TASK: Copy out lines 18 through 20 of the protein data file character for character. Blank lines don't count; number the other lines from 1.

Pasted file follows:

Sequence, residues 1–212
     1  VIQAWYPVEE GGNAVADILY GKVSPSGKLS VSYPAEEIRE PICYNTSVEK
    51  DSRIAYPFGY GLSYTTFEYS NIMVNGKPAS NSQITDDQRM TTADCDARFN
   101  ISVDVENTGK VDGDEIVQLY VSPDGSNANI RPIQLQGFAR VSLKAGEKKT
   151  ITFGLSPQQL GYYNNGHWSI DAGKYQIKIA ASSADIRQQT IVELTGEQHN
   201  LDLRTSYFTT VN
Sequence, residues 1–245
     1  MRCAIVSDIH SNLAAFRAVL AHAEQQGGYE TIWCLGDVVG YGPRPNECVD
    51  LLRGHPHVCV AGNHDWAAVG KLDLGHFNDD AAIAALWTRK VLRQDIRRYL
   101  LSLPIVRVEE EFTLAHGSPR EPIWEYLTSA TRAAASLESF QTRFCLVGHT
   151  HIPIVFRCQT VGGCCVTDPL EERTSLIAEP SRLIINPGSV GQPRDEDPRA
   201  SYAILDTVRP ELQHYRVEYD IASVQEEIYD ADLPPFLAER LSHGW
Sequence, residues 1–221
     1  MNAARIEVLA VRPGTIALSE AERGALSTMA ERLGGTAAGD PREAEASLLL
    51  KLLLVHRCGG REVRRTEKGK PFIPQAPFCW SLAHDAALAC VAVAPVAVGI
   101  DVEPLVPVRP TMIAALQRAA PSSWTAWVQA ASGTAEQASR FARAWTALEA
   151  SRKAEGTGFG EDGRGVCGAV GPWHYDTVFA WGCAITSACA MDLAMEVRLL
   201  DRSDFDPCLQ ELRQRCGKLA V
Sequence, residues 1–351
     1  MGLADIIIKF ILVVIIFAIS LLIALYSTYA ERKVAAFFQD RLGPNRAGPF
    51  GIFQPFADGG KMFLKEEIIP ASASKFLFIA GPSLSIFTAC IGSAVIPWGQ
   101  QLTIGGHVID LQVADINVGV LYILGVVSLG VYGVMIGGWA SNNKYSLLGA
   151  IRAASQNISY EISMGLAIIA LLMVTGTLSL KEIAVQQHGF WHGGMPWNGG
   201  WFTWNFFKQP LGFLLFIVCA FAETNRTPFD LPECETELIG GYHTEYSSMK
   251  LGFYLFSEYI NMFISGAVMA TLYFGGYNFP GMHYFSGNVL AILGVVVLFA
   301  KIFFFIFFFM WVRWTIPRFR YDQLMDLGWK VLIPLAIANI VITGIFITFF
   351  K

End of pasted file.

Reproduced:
   201  DRSDFDPCLQ ELRQRCGKLA V
Sequence, residues 1–351
     1  MGLADIIIKF ILVVIIFAIS LLIALYSTYA ERKVAAFFQD RLGPNRAGPF